"To me," he said recently, in a rare interview, "once money changes hands for art, it becomes a fraudulent activity."

 

He also continues to avoid publicity. In order to find him, a reporter contacted several graffiti aficionados, most of whom warned that Revs, whoever he was, would probably not cooperate. Calls eventually led to Julia Solis, an author and photographer who specializes in charting forgotten and subterranean New York. She agreed to pass a message along to Revs. A day later, a call came to the reporter's home from a man with a thick New York accent who agreed to an early-morning meeting in Brooklyn, at an intersection almost beneath the Manhattan Bridge, on the condition that his photograph not be taken and his name and age not be revealed.

 

He apologized for the cloak-and-dagger routine but said that his anonymity was still his most prized possession. "I don't want to become nobody; I just want to do what I do," he said, stressing, as a kind of implied message to the police, "I'm not trying to stage a major comeback or anything." (The New York Police Department confirms that he has not been on the radar screen of the Citywide Vandals Task Force since his arrest in 2000.)

 

But Revs fans can be forgiven for thinking a comeback is in the works. Over the last several months, pictures of the sculptures have shown up on several street-art Web sites. This has prompted graffiti cognoscenti to scour the streets to find - and in a few places, to wrench loose and steal - the works, most of which are clustered in or close to Manhattan, although some have been discovered as far afield as Queensboro Plaza.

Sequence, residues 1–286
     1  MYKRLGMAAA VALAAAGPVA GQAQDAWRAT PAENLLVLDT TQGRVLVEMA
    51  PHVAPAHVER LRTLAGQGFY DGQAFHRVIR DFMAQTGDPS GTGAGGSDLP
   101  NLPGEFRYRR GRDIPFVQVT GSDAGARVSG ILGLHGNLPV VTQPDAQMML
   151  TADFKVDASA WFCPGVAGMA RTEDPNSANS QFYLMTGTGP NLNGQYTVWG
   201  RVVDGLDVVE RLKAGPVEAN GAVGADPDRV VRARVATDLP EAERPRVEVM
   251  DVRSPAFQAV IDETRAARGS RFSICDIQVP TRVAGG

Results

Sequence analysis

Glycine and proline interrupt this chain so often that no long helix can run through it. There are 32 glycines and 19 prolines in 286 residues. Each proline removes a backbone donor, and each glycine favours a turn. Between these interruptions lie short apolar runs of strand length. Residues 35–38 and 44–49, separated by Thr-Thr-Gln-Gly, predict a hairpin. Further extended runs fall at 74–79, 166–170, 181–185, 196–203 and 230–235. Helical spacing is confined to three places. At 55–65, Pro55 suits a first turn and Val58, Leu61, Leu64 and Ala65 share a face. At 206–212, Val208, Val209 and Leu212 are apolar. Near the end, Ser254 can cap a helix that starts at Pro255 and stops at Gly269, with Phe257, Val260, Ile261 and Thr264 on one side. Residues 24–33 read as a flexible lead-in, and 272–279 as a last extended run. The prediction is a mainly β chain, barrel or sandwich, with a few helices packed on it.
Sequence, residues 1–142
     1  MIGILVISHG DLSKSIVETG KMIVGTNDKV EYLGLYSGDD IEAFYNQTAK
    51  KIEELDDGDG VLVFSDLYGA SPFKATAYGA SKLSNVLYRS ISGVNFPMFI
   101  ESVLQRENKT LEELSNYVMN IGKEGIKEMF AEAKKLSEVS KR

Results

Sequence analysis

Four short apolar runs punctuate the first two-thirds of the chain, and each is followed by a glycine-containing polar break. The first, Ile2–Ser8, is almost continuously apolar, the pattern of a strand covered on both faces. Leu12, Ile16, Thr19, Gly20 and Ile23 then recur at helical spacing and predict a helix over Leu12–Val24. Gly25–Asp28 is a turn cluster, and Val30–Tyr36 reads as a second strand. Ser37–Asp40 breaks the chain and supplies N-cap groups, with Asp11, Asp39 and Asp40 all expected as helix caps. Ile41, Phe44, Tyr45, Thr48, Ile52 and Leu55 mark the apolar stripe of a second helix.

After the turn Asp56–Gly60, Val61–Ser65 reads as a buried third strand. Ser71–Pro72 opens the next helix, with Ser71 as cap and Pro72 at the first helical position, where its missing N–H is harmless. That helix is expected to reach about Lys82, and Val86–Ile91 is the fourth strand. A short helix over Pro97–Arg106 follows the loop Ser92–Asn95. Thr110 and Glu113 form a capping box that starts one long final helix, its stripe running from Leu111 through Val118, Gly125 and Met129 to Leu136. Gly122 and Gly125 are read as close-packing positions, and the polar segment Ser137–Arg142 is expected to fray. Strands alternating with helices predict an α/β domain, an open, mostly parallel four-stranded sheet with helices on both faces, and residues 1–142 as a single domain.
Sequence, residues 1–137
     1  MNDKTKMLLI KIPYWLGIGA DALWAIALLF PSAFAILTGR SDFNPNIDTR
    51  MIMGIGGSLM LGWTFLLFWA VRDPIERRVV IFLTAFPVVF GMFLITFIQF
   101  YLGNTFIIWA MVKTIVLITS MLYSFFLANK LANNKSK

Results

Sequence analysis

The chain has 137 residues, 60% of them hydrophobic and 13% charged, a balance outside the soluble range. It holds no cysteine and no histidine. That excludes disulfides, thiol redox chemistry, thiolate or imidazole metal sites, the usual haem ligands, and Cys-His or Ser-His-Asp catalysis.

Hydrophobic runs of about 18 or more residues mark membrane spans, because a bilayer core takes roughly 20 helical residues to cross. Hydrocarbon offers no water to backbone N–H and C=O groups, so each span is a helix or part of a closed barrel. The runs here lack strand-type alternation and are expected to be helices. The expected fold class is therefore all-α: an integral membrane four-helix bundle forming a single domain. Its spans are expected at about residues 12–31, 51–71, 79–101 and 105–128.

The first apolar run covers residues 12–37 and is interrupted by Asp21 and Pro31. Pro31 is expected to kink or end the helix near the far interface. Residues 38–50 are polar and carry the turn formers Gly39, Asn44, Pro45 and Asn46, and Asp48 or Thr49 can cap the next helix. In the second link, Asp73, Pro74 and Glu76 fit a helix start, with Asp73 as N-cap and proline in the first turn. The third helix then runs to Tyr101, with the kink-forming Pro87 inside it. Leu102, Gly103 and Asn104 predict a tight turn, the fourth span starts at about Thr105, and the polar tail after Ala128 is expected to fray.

"He's huge, you can't deny it," said Will Sherman, a photographer who operates a Web site called untitledname.com and has scouted out several Revs works recently. "I have a lot of respect for him not just as a graffiti artist or street artist but as an artist in general."

 

Peter Sutherland, another photographer, spent a year tracking Revs down. Last year, in a book of portraits of graffiti artists titled "Autograf," he featured a picture of the artist himself, though his face is completely covered by a cap. "I'm a photographer and I don't usually get intimidated or impressed by celebrities," Mr. Sutherland said. "But when I met Revs, I kind of geeked out."

 

During the recent two-hour interview in Brooklyn, Revs conducted a proud tour of half a dozen of his metal sculptures, only one of which he said he installed without permission: a tall, heavy piece that spells out "Revs," welded several years ago to the top of an abandoned loading dock. Asked how he was able to weld something so large and distinctive to a building without attracting a crowd and eventually a phalanx of police, he shook his head.

 

"I can't talk about my techniques," he said sternly. "It's a trade secret, you know? It's my cloaking device."

 

Over the last few years, he said, he has made more than 100 metal pieces, some weighing hundreds of pounds, and he estimated that he has installed about two-thirds of them with permission, including nearly all his most recent sculptures. He says that while he may not be a guerrilla street painter anymore - some of the 1990's wall paintings were more than 10 feet tall in the middle of sheer walls, most likely requiring a harness and ropes to accomplish - he is still a fully committed outsider, and his work will be seen only outside, on New York City streets, as long as he keeps making it.

 

He kicked one the pieces, made from two-inch-thick steel, part of a column left over from a construction project where he once worked near the Port Authority bus terminal.

 

"A car can back up into it," he said. "Somebody can get their head cracked open on it. A dog can go on it. Somebody can paint it if they want. It rusts. It's more interesting that way, you know?"

 

But is it any less interesting because it's legal?

 

He smiled. "I might still have a few little knickknacks scattered around in places where they're not supposed to be, who knows?" he said. "I'm not commenting on that."

 

via http://www.nytimes.com/